[easyazon-image align=”left” asin=”1936749750″ locale=”us” height=”110″ src=”http://ecx.images-amazon.com/images/I/51ce5l9GPcL._SL110_.jpg” width=”88″]Robots that attend to human needs have peppered science fiction since Rosie swept under George Jetson’s feet. Most representations of helper robots tend to look and behave something like sophisticated kitchen appliances. There’s a new humanoid robot manufactured by the U.S. Defense Department and robotics company Boston Dynamics that is superior in every way to any house-cleaner bot. Atlas is a robot that might be closer to our realization of Superman.
Designed to do the tasks most dangerous to people, like fighting fires or examining a damaged nuclear facility, Atlas stands at a very human six feet, and is no heavier than a football linebacker. With a head-mounted laser-ranging device, Atlas can receive real-time, 3D images of its environment.
Atlas was inspired by PETMAN, another military-funded robot that showed stunning, lifelike movement. In controlled tests, Atlas has shown fluid movement like leaping from a platform or traversing a gap by supporting itself between two walls. Even when researchers bludgeoned Atlas with a 20-pound weight, the robot maintained its balance, immediately correcting for its displaced weight.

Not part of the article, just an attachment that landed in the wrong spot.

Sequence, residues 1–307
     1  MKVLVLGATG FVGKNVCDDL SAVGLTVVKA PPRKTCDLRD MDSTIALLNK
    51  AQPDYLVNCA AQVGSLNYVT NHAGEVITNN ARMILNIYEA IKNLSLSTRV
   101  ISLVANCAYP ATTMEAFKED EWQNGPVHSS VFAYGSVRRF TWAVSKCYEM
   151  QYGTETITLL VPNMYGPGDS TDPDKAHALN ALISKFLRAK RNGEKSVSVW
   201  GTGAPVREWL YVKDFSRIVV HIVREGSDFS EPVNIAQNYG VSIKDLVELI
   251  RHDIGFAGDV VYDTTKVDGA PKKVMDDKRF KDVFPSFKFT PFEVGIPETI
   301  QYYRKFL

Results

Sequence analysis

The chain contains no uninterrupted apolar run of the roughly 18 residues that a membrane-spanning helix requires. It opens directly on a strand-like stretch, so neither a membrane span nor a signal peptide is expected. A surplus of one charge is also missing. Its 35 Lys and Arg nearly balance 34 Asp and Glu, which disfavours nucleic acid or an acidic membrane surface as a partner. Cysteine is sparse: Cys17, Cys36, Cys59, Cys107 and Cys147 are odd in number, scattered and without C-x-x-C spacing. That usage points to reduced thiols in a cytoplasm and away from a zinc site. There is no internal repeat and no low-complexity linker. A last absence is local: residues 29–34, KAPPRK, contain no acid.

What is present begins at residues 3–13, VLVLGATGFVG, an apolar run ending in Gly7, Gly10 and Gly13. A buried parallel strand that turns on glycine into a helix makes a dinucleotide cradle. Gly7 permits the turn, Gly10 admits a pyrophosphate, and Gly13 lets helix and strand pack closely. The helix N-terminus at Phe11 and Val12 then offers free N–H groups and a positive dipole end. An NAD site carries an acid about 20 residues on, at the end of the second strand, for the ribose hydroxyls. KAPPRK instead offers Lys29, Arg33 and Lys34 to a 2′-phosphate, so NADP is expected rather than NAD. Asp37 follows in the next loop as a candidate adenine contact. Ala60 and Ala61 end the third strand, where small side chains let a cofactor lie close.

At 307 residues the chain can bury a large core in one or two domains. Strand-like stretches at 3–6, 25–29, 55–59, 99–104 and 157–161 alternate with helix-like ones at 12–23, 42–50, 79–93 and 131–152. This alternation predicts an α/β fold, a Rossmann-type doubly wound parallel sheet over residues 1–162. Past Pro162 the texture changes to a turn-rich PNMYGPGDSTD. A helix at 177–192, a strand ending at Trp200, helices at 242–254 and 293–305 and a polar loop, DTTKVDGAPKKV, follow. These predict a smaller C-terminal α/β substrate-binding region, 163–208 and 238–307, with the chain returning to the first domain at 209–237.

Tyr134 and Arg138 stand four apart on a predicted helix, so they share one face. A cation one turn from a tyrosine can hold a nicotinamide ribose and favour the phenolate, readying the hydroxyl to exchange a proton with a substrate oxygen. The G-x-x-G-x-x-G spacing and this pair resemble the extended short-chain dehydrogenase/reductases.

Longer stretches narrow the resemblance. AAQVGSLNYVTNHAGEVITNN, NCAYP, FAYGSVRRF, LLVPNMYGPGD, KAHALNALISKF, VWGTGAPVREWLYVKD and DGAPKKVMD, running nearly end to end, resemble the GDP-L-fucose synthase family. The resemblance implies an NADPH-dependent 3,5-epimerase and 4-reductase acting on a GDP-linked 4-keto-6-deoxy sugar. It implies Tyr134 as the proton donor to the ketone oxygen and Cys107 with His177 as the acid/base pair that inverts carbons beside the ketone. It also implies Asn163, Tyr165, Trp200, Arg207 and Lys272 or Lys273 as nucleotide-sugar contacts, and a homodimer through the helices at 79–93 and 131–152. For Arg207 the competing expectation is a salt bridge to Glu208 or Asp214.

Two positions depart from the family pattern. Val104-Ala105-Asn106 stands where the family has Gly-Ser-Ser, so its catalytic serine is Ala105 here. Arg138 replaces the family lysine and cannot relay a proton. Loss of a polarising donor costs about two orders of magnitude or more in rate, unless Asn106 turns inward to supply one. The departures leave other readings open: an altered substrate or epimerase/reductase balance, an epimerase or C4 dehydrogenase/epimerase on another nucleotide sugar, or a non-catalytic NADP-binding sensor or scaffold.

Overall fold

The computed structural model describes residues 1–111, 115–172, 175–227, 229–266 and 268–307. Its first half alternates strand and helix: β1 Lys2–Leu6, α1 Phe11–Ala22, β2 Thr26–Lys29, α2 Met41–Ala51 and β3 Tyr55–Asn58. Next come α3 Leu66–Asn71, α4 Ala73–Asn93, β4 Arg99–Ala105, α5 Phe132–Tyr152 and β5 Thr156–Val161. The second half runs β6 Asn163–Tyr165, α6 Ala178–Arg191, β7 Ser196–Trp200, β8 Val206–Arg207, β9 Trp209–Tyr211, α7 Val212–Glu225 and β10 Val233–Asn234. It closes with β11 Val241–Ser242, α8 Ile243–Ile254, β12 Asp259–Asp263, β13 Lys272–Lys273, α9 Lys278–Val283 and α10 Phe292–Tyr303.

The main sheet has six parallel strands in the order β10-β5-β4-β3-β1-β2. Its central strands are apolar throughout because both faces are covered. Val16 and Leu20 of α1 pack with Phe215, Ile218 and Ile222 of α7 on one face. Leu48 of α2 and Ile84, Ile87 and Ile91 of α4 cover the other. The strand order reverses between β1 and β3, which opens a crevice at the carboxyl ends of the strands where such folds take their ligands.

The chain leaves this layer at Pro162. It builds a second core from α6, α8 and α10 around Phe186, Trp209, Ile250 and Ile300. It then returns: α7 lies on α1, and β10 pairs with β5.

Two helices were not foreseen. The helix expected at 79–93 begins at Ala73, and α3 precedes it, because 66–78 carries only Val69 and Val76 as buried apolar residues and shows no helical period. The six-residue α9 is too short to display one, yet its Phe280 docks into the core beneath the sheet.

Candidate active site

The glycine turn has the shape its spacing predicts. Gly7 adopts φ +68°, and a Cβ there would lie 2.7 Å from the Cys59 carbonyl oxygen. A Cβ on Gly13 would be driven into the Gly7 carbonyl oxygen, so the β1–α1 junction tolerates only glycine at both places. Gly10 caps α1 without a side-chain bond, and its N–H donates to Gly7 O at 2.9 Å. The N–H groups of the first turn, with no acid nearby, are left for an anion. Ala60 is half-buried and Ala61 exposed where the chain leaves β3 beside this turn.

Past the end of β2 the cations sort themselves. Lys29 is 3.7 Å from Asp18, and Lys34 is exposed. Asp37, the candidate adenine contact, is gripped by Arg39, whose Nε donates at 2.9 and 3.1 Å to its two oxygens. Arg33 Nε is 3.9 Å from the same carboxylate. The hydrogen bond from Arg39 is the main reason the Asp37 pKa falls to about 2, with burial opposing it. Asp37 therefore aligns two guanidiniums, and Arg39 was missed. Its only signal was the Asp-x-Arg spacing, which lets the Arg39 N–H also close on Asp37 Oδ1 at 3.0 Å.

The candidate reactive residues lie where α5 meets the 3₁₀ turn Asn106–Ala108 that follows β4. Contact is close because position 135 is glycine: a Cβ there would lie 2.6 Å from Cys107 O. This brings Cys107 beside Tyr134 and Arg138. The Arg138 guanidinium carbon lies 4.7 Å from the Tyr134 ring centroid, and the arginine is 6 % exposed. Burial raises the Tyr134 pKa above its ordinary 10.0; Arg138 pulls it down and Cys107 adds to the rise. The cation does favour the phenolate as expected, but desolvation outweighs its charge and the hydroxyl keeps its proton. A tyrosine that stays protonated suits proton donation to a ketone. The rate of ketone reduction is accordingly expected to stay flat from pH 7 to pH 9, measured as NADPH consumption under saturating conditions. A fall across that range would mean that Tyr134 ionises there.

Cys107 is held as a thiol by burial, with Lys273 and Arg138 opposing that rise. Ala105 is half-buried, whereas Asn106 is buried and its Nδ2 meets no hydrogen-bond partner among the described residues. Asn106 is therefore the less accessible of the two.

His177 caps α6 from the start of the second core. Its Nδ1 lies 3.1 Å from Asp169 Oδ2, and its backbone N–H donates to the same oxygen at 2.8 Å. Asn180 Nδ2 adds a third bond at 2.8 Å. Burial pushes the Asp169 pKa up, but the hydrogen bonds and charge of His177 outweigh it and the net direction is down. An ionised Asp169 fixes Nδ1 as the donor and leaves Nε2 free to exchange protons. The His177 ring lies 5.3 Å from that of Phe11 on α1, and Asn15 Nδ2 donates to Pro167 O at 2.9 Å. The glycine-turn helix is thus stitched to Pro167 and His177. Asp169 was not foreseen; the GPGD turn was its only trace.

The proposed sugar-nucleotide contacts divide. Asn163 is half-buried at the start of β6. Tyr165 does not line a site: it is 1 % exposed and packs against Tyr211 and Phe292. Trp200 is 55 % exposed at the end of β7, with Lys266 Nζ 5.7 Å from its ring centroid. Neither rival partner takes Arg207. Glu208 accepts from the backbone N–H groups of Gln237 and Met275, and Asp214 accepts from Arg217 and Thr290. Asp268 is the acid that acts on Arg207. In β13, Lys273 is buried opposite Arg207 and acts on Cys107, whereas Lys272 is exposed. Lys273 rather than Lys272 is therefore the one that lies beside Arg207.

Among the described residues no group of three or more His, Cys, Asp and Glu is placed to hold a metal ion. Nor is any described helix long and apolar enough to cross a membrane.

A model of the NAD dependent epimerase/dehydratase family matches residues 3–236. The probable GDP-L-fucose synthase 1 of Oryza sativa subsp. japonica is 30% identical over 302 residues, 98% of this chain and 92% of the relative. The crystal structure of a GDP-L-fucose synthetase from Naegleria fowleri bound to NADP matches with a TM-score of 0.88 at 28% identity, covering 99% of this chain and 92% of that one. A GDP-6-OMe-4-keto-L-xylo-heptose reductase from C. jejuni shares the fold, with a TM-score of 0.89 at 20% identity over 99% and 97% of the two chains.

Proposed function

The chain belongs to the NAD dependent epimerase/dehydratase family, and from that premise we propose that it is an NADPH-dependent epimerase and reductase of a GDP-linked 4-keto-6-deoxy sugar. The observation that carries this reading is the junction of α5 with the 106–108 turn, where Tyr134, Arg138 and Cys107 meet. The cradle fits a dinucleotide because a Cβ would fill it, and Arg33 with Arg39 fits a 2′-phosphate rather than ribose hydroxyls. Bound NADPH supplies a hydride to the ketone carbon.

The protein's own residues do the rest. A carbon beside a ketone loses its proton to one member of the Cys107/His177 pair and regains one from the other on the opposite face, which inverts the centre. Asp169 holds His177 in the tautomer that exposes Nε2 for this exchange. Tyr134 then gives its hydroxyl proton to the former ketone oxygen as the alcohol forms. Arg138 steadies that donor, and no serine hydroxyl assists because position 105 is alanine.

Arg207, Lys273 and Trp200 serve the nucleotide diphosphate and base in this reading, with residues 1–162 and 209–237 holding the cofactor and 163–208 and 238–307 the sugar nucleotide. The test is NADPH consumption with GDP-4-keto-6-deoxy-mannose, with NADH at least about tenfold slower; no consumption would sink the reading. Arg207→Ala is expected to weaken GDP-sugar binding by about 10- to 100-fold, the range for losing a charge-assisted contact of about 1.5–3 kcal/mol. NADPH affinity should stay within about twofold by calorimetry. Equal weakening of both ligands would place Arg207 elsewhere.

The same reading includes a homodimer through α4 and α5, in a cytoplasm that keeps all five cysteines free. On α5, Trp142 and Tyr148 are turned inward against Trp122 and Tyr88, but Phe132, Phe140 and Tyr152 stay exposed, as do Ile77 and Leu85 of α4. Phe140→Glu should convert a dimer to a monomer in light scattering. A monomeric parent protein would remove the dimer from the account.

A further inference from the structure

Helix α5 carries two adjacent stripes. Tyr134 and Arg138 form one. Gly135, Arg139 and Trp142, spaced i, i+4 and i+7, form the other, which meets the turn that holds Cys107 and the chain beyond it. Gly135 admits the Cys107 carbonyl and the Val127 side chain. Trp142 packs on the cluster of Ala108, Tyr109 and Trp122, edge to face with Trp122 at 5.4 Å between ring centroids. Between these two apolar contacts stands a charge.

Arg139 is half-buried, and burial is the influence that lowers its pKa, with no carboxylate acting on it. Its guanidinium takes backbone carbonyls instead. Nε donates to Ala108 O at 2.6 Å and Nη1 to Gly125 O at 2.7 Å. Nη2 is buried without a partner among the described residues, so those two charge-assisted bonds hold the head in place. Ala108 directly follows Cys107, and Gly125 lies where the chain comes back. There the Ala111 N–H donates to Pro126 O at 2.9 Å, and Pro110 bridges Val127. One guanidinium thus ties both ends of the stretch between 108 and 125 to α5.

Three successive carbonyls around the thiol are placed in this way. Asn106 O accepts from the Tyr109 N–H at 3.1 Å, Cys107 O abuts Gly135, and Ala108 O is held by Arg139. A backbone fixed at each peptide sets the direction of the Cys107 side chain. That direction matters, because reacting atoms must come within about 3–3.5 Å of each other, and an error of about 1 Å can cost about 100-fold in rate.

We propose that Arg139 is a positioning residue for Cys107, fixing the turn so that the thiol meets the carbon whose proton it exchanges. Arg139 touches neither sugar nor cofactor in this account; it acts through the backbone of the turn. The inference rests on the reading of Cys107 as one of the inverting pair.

With articulated and sensitive hands, ATLAS is able to manipulate tools with dexterity comparable to a human.
For anyone worried that with military funding, ATLAS will be used in conflict, its purpose is only for civilian or humanitarian work.
The quality and efficiency of robotics is increasing exponentially. ATLAS presents an opportunity for work that is dangerous to people to be performed with more safety to individuals. As ATLAS and robots similar to it become more dexterous and agile, there will be less reason for people to put themselves at risk. As with most robotics, ATLAS is also an opportunity to secure more contemplative leisure time because labor is distributed to advanced robots and not humans.
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